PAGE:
Of course, Latin America's powerful northern neighbour is an important factor in this growth America is the second-biggest spender on tourist services in the world, and Latin America is a reasonably convenient destination for the more adventurous American tourist. So strong employment growth and the apparently sound economic backdrop in the US are good news for Latin American tourism. Depreciation is also a plus for international investors (like us) who are looking to invest in the region, as it means we can invest more cheaply than before and hopefully benefit from future currency appreciation too.

The fall in the value of local currencies, meanwhile, has also convinced more Latin American citizens to take holidays in their own country or within the region, rather than travel abroad and spend in dauntingly expensive dollars and euros.

Yet even in the absence of currency depreciation, this is a vital source of ongoing growth in the industry according to the UNWTO, around 80% of international journeys start and end within the same region. Indeed, this is one of the main reasons that the tourist industry in emerging markets is growing more quickly than in mature ones. As economies expand, so do the number of individuals with both the wherewithal and the desire to explore their neighbouring countries.

Interregional visitor numbers in Latin America are only likely to grow even more strongly in the coming years. The region has just endured two consecutive years of recession, but is set to return to growth this year. This was largely down to Brazil's economic woes most of the area has in fact been growing steadily for the past few years. And now that the Brazilian behemoth which accounts for almost half of Latin America's GDP is emerging from its worst recession on record, the region's tourist industry should be a big beneficiary.

Greater safety, better facilities

Clearly, some Latin American countries still have a serious crime problem Venezuela, El Salvador, Guatemala and Honduras are the most egregious examples. But, with the exception of Venezuela, where the government is losing control of crime in the same way that it has lost control of everything else, this violence isn't necessarily a barrier to tourism. El Salvador, Guatemala and Honduras do have security problems. But the first two in particular are far safer than they were during the 1980s when they were torn apart by civil war.

Moreover, from a hard-headed investment perspective, the violence in these countries tends to be restricted to poor people living in the sprawling urban ghettos. This is a tragedy and a problem for those societies, but this sort of crime has no impact on tourists visiting the main attractions, which tend to be very safe. This is already being reflected in Central America's improving tourist numbers. International arrivals rose by 7% in 2015 to exceed ten million for the first time. Panama led this growth with a 21% increase in arrivals. Belize welcomed 6% more arrivals, Costa Rica and Honduras 5%, El Salvador and Nicaragua 4%, and Guatemala 1%.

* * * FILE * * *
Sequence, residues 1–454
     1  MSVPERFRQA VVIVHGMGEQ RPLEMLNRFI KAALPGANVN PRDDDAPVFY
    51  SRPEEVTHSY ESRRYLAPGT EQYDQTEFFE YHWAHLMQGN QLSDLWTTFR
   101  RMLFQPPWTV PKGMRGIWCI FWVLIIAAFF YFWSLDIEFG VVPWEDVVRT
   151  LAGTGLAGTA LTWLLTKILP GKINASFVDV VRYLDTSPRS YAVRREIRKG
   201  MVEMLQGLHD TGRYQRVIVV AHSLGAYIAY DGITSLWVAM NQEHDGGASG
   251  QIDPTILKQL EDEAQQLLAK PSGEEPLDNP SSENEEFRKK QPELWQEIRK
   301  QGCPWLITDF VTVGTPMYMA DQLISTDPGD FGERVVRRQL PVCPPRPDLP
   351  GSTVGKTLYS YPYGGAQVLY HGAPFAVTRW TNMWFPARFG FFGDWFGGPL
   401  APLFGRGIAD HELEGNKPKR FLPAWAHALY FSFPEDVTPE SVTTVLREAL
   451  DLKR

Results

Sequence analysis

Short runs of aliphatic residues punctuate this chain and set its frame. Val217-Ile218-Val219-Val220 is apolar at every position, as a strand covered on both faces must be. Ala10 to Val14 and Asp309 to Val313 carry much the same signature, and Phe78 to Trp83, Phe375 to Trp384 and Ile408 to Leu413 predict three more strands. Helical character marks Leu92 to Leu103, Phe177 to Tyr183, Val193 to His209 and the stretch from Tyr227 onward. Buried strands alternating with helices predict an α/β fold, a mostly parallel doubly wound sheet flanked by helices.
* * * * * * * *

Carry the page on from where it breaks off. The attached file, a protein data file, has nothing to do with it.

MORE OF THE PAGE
Another long-term factor in Latin America's favour is the region's improving transport links. Poor infrastructure has long been one of the major hurdles to improving economic productivity in the region. But thanks to the decade-long commodity boom from 2003, which poured money into most Latin American countries' economies, recent years have seen huge investments in road transport. Tens of billions of dollars have been spent on roads, tunnels and bridges that have improved overland travel within and between Latin American countries. The transformation in Ecuador, Colombia, Peru, Nicaragua and Panama has been particularly impressive.

The benefits of the improvements are twofold: on one hand it makes it easier for regional travellers to visit neighbouring countries, while on the other, it makes Latin America more attractive to those coming from further afield, as they can visit more tourist hotspots during their stay. The Ecuadorian road network has improved to the point where it is now possible for a tourist travelling by car to breakfast in the Amazon jungle, have lunch in the Andean highlands, and then enjoy the sunset on the Pacific Coast with their dinner.

High-flying Latin American airlines

The other big change has been in the airline business, where new competitors have sprung up to challenge Latin America's lumbering aviation oligopoly. The old system of protected, inefficient national airlines has been swept aside by a wave of liberalisation. Panama's Copa, Colombia's Avianca, Brazil's Gol, Mexico's Aeromexico and Chile's Latam are now globally competitive airlines that offer Latin American customers the level of prices and flight frequencies that we've long taken for granted in the UK. Indeed, Latam, formed by a merger between Chilean and Brazilian rivals, is now Latin America's largest airline.